Anthony Brino also contributed reporting to this story.
“It has been a slow start," said Alisa Ray, executive director and CEO of the Certification Commission for Health Information Technology, of EHR vendors' readiness for Stage 2 meaningful use. "They’re working hard. They’re struggling a little bit."
That stands to reason, considering that, when comparing Stage 1 to Stage 2 certification, technology developers are "navigating a higher bar and increased complexity," she said.
As the end of 2013 closes in, most federal certification bodies are noticing an uptick in the number of vendors who are applying to become certified under the 2014 criteria — the same criteria that will be required for the EHR products providers must use to attest to meaningful use Stage 2.
But not all of them are finding the process to be a cakewalk. Ray said there are three areas of Stage 2 that are proving the most challenging for certification: clinical quality measures, interoperability, and automated measure calculation for reporting metrics.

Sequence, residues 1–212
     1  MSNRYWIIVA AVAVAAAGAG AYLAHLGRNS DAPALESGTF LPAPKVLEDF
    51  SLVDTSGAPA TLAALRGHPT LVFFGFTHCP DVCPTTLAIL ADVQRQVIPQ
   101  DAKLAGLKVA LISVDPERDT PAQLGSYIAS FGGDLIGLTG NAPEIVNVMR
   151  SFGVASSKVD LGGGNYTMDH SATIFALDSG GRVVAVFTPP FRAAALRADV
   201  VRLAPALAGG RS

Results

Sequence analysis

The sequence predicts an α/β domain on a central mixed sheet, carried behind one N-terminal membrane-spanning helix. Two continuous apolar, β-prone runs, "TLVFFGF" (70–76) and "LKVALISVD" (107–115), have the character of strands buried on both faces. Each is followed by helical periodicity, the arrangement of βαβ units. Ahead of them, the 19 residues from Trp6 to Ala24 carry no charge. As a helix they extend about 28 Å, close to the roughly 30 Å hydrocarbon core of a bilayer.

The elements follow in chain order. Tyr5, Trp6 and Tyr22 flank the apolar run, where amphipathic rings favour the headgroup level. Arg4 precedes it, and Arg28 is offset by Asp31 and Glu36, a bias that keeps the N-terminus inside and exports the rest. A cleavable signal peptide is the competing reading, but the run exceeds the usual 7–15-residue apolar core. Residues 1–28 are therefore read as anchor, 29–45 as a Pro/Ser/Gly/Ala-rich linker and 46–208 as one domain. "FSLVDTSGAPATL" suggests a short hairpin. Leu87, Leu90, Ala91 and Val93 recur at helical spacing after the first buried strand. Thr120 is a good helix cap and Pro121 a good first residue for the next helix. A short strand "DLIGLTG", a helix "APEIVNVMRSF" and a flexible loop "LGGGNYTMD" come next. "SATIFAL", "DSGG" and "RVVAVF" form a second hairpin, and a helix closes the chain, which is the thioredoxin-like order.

Automated measure calculation “requires almost a whole day of testing,” she said. “There are just a lot fewer products than were there with the Stage 1 or 2011 criteria.”
CCHIT has close to 40 companies with products listed. “Of the 2011 products we certified, we’ve seen 21 or 22 percent having been completely certified to date,” Ray continued. “It’s a testament to how much harder it is."
[See also: Stage 2 changes may be rude awakening]
Amit Trivedi, healthcare program manager at ICSA Labs, added that many vendors might also be going through certification fatigue, and explained that in stage 1 there were close to 3,000 listings, and many vendors had multiple entries (Cerner had 800) but for Stage 2, so far there are fewer than 300 on ONC's Certified Health IT Products List.
And without naming names, Ray said that “almost everyone has struggled and been surprised by the complexities,” and a number of them have had to go through several certification trials, after not meeting certain criteria. “There are companies that have been testing every year since 2006 with the CCHIT programs; it’s not like they’re novices. And when they get into it, there’s a new wrinkle or something they may not have anticipated or configured correctly.”
It’s important to keep in mind, she said, that it’s a combination of the criteria and ONC’s testing methods that really defines “the exact nuances of what the product needs to be able to do.”